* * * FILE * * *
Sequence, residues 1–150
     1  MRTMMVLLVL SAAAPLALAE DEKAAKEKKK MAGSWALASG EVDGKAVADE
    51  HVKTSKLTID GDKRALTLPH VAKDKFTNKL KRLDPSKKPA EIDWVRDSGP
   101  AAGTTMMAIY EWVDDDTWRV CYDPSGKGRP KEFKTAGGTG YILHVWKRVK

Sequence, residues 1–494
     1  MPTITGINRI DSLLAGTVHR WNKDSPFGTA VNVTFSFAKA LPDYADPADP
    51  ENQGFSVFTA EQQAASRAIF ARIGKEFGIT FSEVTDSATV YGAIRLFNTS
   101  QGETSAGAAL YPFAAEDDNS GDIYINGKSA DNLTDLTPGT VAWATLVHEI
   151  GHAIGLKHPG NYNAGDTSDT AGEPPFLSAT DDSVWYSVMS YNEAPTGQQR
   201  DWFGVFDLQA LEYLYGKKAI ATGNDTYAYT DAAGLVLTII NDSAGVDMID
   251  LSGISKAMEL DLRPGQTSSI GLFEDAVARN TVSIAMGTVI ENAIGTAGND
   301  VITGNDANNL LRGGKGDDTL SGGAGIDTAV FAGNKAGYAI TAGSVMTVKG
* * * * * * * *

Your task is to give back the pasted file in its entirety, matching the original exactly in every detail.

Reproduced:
Sequence, residues 1–150
     1  MRTMMVLLVL SAAAPLALAE DEKAAKEKKK MAGSWALASG EVDGKAVADE
    51  HVKTSKLTID GDKRALTLPH VAKDKFTNKL KRLDPSKKPA EIDWVRDSGP
   101  AAGTTMMAIY EWVDDDTWRV CYDPSGKGRP KEFKTAGGTG YILHVWKRVK

Sequence, residues 1–494
     1  MPTITGINRI DSLLAGTVHR WNKDSPFGTA VNVTFSFAKA LPDYADPADP
    51  ENQGFSVFTA EQQAASRAIF ARIGKEFGIT FSEVTDSATV YGAIRLFNTS
   101  QGETSAGAAL YPFAAEDDNS GDIYINGKSA DNLTDLTPGT VAWATLVHEI
   151  GHAIGLKHPG NYNAGDTSDT AGEPPFLSAT DDSVWYSVMS YNEAPTGQQR
   201  DWFGVFDLQA LEYLYGKKAI ATGNDTYAYT DAAGLVLTII NDSAGVDMID
   251  LSGISKAMEL DLRPGQTSSI GLFEDAVARN TVSIAMGTVI ENAIGTAGND
   301  VITGNDANNL LRGGKGDDTL SGGAGIDTAV FAGNKAGYAI TAGSVMTVKG